ISRAEL AT WAR - DAY 147

search

Israeli researchers use stem cells to treat age-related blindness

Initial clinical trials show new therapy could treat macular degeneration, helping millions to keep their sight

Illustrative photo of an eye (CC BY Samuel Johnson/Flickr)
Illustrative photo of an eye (CC BY Samuel Johnson/Flickr)

Israeli researchers say they have developed a promising stem-cell therapy to treat age-related macular degeneration, or AMD, potentially saving the sight of millions of people.

Jerusalem-based Cell Cure Neurosciences reports that its OpRegen therapy infusion has shown encouraging potential in the first phase of its clinical trials.

Age-related macular degeneration is the leading cause of irreversible vision loss in people over 60, and is estimated to affect 11 million people in the US in various forms, asserts the Bright Focus Foundation’s fact sheet.

In a healthy retina, one layer of retinal pigment epithelial cells functions to help support nutrition to photoreceptors, cells that process light to provide vision. When the RPE cells deteriorate in people with macular degeneration, photoreceptors lose their support system and deteriorate, ultimately leading to blindness.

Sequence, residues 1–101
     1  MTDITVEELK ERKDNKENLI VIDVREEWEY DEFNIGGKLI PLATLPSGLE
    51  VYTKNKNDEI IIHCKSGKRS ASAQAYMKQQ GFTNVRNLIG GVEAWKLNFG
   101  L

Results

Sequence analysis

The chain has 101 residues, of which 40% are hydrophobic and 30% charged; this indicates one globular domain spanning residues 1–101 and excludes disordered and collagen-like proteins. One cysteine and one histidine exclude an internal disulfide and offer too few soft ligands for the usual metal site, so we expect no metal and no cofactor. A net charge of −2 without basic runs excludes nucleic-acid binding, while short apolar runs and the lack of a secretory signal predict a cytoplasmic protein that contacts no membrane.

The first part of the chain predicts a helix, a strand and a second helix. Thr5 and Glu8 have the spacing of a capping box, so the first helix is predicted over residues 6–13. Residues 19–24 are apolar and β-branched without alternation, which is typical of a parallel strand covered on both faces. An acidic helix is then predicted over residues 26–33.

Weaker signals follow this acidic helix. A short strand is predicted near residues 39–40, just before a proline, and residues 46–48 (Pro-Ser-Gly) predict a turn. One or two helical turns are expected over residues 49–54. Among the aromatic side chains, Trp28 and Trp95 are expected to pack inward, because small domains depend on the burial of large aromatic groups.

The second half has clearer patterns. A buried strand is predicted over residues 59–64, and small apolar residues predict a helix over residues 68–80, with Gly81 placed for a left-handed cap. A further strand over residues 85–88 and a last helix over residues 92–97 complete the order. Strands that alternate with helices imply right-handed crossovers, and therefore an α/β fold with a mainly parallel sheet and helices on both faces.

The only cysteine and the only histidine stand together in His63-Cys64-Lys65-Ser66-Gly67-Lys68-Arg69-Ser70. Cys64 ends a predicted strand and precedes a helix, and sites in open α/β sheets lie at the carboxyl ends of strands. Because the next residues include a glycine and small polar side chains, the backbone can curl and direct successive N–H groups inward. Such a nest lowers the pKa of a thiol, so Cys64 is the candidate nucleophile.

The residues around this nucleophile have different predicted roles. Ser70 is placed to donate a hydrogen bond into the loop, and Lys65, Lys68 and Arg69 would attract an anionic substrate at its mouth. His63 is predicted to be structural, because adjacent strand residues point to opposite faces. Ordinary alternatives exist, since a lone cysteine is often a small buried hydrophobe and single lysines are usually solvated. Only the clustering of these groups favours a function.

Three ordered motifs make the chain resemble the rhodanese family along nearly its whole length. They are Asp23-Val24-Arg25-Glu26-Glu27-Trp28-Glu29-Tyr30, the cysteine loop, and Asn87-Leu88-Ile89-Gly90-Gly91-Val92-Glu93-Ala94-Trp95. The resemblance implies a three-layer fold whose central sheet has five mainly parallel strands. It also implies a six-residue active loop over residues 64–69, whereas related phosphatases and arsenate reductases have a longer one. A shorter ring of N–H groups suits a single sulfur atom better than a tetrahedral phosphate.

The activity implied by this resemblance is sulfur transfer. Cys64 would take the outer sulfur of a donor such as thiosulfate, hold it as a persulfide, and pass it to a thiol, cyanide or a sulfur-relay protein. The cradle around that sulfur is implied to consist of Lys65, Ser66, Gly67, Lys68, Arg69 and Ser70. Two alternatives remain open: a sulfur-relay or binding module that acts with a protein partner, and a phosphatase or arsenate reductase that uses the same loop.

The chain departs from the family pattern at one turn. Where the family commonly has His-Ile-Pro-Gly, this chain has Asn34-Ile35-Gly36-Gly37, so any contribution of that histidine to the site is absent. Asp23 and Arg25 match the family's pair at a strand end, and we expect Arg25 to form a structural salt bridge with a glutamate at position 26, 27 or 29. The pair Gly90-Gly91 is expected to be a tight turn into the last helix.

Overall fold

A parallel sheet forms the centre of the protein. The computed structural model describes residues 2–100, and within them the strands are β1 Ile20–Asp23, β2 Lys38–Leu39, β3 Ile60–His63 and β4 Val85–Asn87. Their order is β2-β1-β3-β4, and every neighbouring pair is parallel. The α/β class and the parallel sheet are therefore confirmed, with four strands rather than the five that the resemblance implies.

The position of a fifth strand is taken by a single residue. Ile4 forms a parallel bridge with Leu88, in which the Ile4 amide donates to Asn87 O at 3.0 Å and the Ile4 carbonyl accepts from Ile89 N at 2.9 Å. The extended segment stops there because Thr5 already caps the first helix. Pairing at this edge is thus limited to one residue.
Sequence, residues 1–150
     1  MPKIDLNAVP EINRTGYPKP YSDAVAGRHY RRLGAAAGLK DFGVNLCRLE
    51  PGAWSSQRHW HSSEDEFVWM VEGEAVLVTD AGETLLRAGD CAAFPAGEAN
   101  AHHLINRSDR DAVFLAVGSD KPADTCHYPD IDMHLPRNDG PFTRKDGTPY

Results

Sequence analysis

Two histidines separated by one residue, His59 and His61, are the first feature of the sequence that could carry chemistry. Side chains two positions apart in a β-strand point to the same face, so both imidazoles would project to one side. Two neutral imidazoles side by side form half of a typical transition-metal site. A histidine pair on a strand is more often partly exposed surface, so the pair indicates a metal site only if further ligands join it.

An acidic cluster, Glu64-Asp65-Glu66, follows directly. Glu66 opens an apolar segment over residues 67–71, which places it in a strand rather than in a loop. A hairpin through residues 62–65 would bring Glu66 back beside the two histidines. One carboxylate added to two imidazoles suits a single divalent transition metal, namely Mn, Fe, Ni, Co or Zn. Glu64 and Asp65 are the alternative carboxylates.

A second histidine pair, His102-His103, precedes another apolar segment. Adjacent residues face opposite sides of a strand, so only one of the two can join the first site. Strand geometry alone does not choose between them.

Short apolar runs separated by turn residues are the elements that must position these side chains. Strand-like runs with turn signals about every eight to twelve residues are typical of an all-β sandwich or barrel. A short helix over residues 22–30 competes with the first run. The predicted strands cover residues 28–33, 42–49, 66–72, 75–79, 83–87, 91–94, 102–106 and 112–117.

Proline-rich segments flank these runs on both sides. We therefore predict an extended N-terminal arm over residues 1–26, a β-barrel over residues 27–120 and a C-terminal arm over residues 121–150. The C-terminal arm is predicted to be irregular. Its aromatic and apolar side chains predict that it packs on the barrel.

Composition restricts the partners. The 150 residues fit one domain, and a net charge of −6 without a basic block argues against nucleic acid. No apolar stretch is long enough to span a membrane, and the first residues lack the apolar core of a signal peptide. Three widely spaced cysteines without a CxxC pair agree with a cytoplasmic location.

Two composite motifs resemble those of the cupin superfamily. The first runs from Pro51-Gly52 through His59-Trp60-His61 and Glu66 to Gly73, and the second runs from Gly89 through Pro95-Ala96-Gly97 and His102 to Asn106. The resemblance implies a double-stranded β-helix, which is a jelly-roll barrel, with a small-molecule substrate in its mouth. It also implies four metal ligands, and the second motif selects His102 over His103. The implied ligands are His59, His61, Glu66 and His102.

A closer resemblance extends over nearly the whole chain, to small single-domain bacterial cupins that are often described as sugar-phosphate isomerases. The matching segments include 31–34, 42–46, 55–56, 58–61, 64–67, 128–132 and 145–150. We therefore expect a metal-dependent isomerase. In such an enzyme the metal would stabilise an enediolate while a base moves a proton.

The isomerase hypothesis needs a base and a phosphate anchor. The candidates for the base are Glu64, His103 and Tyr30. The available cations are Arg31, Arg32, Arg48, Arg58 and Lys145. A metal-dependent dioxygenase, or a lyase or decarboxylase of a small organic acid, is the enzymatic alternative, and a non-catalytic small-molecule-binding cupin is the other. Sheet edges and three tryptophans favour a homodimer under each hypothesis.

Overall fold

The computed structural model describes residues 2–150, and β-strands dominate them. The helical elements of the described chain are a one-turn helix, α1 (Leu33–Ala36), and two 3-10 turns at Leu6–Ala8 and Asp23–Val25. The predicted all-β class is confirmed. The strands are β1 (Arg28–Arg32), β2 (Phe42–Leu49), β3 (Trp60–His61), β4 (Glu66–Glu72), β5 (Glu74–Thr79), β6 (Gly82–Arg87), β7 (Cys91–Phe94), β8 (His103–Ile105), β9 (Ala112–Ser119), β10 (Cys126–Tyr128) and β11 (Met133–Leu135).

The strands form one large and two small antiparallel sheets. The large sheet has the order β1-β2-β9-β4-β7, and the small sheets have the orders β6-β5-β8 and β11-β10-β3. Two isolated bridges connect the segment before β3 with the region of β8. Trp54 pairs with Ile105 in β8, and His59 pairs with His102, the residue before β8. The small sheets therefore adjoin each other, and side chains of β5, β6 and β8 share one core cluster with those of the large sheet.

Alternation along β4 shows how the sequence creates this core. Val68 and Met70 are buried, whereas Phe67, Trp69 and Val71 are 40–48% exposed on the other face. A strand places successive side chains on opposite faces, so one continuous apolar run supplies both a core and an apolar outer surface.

The Israeli firm’s therapy involves an injection of RPE cells, derived from human embryonic stem cells, underneath the patient’s retina.

Dr. Eyal Banin, one of the lead developers of the technology and director of degenerative diseases at the Retina Center at Hadassah Ein Kerem Hospital, believes that the OpRegen infusion will replace the patient’s dysfunctional RPE cells.

It also may help support the remaining healthy cells.

“The biggest advantage of this type of therapy may be its communication with the surrounding cells and environment,” he said. “This two-way interaction may help these remaining cells to survive and function properly.”

Based on the encouraging results of the first phase, the researchers will move on to a second trial in which new patients will receive an upped dose. The news was announced via the Columbia, Maryland-based Foundation Fighting Blindness, which provides funding and pre-clinical research for the trials.

read more:
Never miss breaking news on Israel
Get notifications to stay updated
You're subscribed
image
Register for free
and continue reading
Registering also lets you comment on articles and helps us improve your experience. It takes just a few seconds.
Already registered? Enter your email to sign in.
Please use the following structure: example@domain.com
Or Continue with
By registering you agree to the terms and conditions. Once registered, you’ll receive our Daily Edition email for free.
Register to continue
Or Continue with
Log in to continue
Sign in or Register
Or Continue with
check your email
Check your email
We sent an email to you at .
It has a link that will sign you in.